he goal of the W. W. “Foots” Clements Free Enterprise Institute is to teach young people about the free enterprise economic system. Free enterprise can be defined as “the freedom of individuals and businesses to operate and compete with a minimum of government interference or regulation.” More practically, it is the opportunity for someone to invent something new, start his own business, or create her own company.
Since its inception in 1997, the Free Enterprise Institute has hosted thousands of students from all parts of Texas in our program, Advertising and Marketing Kid Style. In this day-long program, students use the soft drink industry as a model—a model in which they create a new product, develop a name, logo, slogan, label, and a commercial—to understand the basic steps entrepreneurs take on the road to success.
The program begins with a tour of the Dr Pepper Museum. From a recreation of Dr. Wade Morrison’s Old Corner Drug Store to the bottling room of the old Artesian Manufacturing and Bottling Company (which later was renamed “The Dr Pepper Company”), students learn how soft drinks were created, manufactured, and marketed. After the tour, the rest of the morning is spent exploring the history of advertising from the town criers of old through advertising on the Internet. Students also take a close look at what makes an effective slogan and logo, and of course there are some Dr Pepper television commercials!
The afternoon portion of the program is very much hands-on. Students work in teams to create three experimental soft drinks—one of which they choose to “sell” to the “public.” (More on this later.) Once they commit to a formula, students must decide on a name, create a logo and slogan, design a label, and plan and act out a commercial.
While students are working on the marketing campaign, the soft drinks are judged. Staff members play the role of the “public” and determine which of the soft drinks has the best name, slogan, logo, label design, and most importantly, taste! It is important for students to understand that if they choose to be an entrepreneur, there will be competition to be faced.
Frequently Asked Questions
Who can participate in Advertising and Marketing Kid Style?
- Groups of 10 to 30
- The program is written at the 5th grade level, but we are happy to have students from 3rd grade through college.
- Home-school groups, Boy Scouts, Girl Scouts, Campfire, 4-H, church groups, private school and public school groups are welcome
All-day? Are you serious?
- Yes! Ideally, groups arrive about 9:00am and stay until 2:30 or 3:00pm. That allows us time to do everything! We can make adjustments in the program based on travel time as necessary. Make sure the students (and adults) bring a lunch.
I’m not able to come all day, but I could give you a couple of hours. What could we do with that?
- We also offer a two-hour version called Create a Soft Drink. Essentially, it’s just the hands-on portion without the workbook or commercials. Students get the tour and then work in teams to create their own soft drinks. There is an opportunity for students to do a little “show and tell” as the spokes-model for their creation at the end.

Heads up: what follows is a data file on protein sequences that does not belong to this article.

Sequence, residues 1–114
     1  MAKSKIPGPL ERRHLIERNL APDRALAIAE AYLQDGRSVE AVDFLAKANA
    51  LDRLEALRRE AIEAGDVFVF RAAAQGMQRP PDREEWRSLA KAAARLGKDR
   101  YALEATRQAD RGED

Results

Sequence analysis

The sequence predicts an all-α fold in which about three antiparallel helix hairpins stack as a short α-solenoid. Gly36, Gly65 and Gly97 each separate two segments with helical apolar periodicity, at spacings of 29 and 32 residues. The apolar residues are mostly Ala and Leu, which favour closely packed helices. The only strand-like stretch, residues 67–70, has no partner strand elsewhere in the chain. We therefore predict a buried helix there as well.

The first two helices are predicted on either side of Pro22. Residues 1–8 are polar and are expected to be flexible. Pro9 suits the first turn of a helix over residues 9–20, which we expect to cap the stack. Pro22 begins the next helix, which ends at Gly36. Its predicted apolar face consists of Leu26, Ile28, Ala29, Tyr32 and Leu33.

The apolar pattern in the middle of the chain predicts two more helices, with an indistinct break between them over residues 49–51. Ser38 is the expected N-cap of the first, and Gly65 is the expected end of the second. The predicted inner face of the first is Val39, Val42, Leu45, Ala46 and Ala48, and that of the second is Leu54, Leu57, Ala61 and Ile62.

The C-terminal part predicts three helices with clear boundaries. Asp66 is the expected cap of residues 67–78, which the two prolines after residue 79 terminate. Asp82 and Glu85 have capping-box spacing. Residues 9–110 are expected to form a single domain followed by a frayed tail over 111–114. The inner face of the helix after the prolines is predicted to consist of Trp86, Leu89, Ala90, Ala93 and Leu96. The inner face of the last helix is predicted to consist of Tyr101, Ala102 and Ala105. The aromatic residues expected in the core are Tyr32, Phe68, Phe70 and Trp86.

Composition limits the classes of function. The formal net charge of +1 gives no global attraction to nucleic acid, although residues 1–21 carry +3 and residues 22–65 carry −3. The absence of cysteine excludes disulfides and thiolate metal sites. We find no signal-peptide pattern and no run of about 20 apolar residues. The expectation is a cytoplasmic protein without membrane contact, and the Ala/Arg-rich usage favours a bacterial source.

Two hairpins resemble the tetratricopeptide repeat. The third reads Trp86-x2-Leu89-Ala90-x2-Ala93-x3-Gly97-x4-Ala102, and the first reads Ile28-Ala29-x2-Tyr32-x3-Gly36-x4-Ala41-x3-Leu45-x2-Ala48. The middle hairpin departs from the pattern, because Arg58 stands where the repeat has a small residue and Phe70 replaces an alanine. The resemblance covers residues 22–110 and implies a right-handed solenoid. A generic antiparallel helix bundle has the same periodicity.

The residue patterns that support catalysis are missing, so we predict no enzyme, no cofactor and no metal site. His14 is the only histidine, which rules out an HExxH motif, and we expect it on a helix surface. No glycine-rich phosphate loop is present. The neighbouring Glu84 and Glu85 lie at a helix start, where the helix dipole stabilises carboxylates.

I’d like to do this with the students in my school, but we have 92 students in our 4th grade. What can I do?
- We are limited to about 30 simply because of the size of the room we are working in. We have several schools that bring the whole grade over several days. (We do offer a discount rate if that’s the case….)
This is just for Gifted/Talented students, right?
- Oh, no! While many of our returning teachers bring their G/T students, this program is a great experience for ALL students!
- We even recommend this program (or the Create a Soft Drink) for older students with learning disabilities. If learning disabled students can do simple addition/subtraction; can make team decisions about flavors and colors; can measure, pour, and stir; and can design a label either independently or with teacher assistance at approximately the 3rd grade level, then this is a program you want to add to your curriculum.
Speaking of curriculum, how can we tie this into what we are studying at school?
- Language arts—advertising = propaganda; reading for meaning; writing for a purpose
- Mathematics—measurement; using addition and subtraction to solve problems
- Science—laboratory practices; scientific process; following procedures; problem-solving
- Social Studies—history and economics
- Art—graphic design and drama
- Contact the Programs Department for assistance with specific TEKS alignment or ideas for integration with your existing curriculum.
Can we do this program on a weekend?
At this time, no. Because of the nature of the program, this program is a major disruption to the natural flow of our visitors. As we are expanding into the historic Kellum-Rotan building next-door, we are planning a dedicated education space that will allow us to do that.
We can’t come to the Museum—can you come to us?
- That really must be handled on a case-by-case basis. It depends on distance and number of students who will be participating. Please consider: one of the things that makes this program what it is, is simply being here at the Home of Dr Pepper—using the original laboratory as the room where students create their own sodas, seeing real bottling equipment, and getting the sense of the history of Dr Pepper and the soft drink industry.